Rollie McKenna (1918–2003) Gelatin silver print, 1959 (printed later)
It’s very hard to see Sylvia Plath plain, as the photographer Rollie McKenna pictured her in 1959, midway between her graduation with much promise from Smith College (1955) and her suicide. Plath’s story is invested with an overload of emotion and meaning that gets in the way of the poetry itself.
This photograph of Plath looking impossibly young was probably taken at Yaddo artists’ colony, where she and Ted Hughes summered in 1959 before returning to England after a year in America. At Yaddo, Plath wrote “The Colossus,” and by then she had drafted most of her novel, The Bell Jar.
Plath performed a skillfully fraught balancing act that used her sense of self-alienation to both feminist and poetical effect. She achieved this by being ice-cold in her verse but superheated and self-absorbed in her subject matter. This coldness takes her poetry from personal melodrama and raises it to the universal level of tragedy.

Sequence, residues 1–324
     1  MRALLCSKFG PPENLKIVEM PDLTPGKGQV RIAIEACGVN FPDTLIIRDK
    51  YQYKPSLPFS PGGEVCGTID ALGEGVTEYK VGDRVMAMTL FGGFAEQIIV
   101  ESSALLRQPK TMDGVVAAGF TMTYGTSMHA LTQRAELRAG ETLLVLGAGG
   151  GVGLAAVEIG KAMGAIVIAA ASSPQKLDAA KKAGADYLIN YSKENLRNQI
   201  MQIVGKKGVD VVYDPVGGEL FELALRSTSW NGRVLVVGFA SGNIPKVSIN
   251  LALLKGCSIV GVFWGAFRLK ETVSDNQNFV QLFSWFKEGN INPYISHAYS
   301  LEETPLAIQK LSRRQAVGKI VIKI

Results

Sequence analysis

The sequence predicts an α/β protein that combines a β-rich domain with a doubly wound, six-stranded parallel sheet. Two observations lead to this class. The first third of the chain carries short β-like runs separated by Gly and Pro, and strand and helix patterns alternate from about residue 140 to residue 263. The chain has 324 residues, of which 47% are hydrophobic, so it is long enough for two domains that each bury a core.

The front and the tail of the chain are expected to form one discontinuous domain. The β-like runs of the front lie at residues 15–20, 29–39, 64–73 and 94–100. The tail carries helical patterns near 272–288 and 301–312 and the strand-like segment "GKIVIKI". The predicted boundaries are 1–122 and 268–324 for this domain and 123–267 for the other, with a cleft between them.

Herr God, Herr Lucifer Beware Beware. Out of the ash I rise with my red hair And I eat men like air.Sylvia Plath From “Lady Lazarus,” 1962